1873 New’s failed attempts only further drove him to go back to Kilimanjaro. Two years later he once again set his sights on the summit. Unfortunately, the volatile tribes that called the foot of Kilimanjaro home had other plans for New. Before New ever reached Kilimanjaro he was attacked and stripped of all his possessions as he fled for the coast. He died soon after.

1883 Once the news of News tragedy reached Europe, the excitement surrounding Kilimanjaro diminished. For the next decade, Kilimanjaro remained relatively untouched by outsiders. Europeans that did visit the region usually did so on their way to somewhere else. People such as Dr. Gustav A Fischer in 1883, stopped in Arusha and visited Mount Meru on his journey to Lake Naivasha. He declared Kilimanjaro to be fit for “European settlement”.

During this time, a Scottish geologist, Joseph Thomson, attempted to summit from the north side. However, he only allowed himself one day to do it. He only reached as high as 8,800 ft. Despite his failure, they did name the Thompson Gazelle after him.

The first European to venture back to the region specifically to climb Kilimanjaro was in 1883. In an expedition organized by the Royal Geographical Society, Harry Johnston landed in East Africa specifically to discover and document the flora and fauna of Kilimanjaro. Johnston’s trip—he later claimed in his biography—was not actually for understanding Kilimanjaro, but rather that he was there working undercover for the British Secret Service. There is no evidence to support this claim. Another tale he told was that he reached as high as 16,o00 ft. And that it was a “mountain that can be climbed even without the aid of a walking stick”. He was widely ridiculed for his claims. But his claims did reignite the desire for Europeans to once again attempt Kilimanjaro’s summit.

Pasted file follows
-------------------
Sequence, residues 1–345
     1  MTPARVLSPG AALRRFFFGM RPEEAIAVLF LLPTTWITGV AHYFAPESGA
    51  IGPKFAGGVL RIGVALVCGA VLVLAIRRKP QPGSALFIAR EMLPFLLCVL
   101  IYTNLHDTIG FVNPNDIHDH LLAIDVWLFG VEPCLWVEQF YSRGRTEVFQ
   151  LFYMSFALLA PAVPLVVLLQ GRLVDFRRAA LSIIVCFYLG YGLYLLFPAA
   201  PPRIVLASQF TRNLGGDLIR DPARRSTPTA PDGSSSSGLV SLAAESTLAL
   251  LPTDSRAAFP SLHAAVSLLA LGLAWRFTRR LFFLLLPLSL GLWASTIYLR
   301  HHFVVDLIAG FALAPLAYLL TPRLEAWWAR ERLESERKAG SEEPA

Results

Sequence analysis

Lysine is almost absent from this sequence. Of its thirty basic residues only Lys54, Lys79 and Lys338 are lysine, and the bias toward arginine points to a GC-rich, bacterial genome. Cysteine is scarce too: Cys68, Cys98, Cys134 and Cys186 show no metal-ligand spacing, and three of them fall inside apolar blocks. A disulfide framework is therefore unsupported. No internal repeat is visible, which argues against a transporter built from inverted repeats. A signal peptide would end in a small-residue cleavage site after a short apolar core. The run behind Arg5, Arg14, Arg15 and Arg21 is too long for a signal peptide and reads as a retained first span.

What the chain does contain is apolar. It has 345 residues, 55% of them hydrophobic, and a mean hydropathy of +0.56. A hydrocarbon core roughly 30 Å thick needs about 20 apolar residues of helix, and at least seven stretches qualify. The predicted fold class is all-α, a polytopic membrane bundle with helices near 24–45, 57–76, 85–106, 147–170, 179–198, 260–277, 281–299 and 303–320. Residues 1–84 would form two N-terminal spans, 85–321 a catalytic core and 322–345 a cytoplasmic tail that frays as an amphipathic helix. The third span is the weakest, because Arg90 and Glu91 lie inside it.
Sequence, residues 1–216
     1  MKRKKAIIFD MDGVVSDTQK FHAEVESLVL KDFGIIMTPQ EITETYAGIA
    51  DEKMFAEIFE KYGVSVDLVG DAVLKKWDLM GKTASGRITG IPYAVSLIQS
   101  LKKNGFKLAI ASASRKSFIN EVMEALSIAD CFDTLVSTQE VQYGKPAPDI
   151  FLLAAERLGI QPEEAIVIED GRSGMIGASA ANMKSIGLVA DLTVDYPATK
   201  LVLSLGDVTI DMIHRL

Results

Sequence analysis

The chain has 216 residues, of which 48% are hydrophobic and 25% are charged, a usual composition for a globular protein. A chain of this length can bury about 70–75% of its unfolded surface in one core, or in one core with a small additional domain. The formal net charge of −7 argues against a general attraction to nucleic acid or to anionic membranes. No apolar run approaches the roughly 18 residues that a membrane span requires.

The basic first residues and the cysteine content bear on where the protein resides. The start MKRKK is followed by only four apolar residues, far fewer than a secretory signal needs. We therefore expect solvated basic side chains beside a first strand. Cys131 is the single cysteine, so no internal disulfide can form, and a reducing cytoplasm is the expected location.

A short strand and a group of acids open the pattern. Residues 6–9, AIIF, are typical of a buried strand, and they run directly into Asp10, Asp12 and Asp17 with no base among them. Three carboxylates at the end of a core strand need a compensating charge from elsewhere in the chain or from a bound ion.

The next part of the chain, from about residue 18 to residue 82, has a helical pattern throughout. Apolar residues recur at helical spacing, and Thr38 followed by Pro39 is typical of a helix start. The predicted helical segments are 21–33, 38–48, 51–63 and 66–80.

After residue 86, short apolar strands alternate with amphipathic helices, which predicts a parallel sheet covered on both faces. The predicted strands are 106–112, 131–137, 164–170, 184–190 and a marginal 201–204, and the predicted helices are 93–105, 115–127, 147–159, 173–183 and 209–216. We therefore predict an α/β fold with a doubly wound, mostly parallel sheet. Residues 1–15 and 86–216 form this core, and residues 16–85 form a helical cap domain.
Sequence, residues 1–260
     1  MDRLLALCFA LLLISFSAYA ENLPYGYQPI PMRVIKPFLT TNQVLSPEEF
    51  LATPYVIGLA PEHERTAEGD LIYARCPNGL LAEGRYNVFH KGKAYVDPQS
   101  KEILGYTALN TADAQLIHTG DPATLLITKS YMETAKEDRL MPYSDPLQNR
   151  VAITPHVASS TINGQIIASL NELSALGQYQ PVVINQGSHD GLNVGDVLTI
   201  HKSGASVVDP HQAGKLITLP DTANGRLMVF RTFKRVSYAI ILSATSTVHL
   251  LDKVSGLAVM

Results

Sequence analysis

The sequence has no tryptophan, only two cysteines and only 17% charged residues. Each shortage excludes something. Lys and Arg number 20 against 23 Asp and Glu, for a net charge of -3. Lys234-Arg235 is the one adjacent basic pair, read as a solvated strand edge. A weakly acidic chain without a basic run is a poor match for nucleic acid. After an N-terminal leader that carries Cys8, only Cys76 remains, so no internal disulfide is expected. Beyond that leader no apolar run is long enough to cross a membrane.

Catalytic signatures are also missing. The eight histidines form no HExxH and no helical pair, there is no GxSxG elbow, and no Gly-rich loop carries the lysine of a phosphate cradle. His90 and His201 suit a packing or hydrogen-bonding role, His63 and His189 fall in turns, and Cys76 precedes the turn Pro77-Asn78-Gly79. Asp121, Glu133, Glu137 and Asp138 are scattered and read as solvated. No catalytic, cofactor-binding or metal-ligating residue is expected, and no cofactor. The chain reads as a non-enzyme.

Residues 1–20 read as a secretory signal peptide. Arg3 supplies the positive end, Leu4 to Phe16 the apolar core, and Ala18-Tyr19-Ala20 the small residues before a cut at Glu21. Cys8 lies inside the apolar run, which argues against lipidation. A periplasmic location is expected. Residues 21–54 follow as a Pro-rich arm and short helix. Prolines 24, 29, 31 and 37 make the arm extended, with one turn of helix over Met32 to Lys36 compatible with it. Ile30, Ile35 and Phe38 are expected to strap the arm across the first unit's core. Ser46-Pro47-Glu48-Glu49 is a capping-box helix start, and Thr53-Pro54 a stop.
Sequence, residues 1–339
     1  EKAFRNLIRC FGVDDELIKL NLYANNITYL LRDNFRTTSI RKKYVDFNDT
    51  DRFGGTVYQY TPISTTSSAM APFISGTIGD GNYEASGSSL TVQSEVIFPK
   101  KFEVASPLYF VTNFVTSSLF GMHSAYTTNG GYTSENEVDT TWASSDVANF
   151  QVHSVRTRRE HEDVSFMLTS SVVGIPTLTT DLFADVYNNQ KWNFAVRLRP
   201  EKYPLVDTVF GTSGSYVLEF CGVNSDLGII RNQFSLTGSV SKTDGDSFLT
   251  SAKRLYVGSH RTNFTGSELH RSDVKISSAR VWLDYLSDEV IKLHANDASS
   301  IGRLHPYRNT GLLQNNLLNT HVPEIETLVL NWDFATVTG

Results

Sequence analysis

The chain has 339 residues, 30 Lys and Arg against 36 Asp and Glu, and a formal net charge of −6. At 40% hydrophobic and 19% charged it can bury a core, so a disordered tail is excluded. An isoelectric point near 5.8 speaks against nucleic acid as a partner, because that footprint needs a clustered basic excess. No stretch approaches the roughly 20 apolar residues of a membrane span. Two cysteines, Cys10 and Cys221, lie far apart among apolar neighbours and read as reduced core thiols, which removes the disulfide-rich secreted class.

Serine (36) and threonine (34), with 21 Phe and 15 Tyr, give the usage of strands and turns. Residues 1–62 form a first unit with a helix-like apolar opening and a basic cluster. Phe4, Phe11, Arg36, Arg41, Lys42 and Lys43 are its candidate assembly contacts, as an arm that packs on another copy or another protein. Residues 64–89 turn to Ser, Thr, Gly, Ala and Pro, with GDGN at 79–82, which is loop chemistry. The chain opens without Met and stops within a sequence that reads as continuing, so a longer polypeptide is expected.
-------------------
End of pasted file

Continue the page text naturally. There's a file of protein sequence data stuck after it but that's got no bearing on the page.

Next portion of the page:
1887 During his first attempt to climb Kilimanjaro, the German geology professor Hans Meyer reached the lower edge of the ice cap on Kibo, where he was forced to turn back because he lacked the equipment needed to handle the ice. The following year, Meyer planned another attempt with Oscar Baumann, a cartographer, but the mission was aborted after the pair were held hostage and ransomed during the Abushiri Revolt.

1888 In the autumn of 1888, the American naturalist Dr. Abbott and the German explorer Otto Ehrenfried Ehlers approached the summit from the northwest. While Abbott turned back earlier, Ehlers claimed to have reached the summit rim, but after severe criticism of that claim, he later withdrew it.


1889 Meyer returned to Kilimanjaro with the Austrian mountaineer Ludwig Purtscheller for the third attempt in 1889.  This time they were successful at reaching Kilimanjaro’s summit. They were able to successfully summit due to the strategy of creating several camps as they ascended. At these camps, they had plenty of food and supplies. That way they could make multiple attempts without having to descend to resupply. Meyer and Purtscheller pushed to near the crater rim on October 3 but turned around exhausted from hacking footsteps in the icy slope.

Three days later, on Purtscheller’s fortieth birthday, they reached the highest summit on the southern rim of the crater. They were the first to confirm that Kibo has a crater. After descending to the saddle between Kibo and Mawenzi, Meyer and Purtscheller attempted to climb the more technically challenging Mawenzi but could reach only the top of Klute Peak, a subsidiary peak, before retreating due to illness. On October 18, they reascended Kibo to enter and study the crater, cresting the rim at Hans Meyers Notch. In total, Meyer and Purtscheller spent 16 days above 15,000 ft. during their expedition. They were accompanied in their high camps by Mwini Amani of Pangani, who cooked and supplied the sites with water and firewood.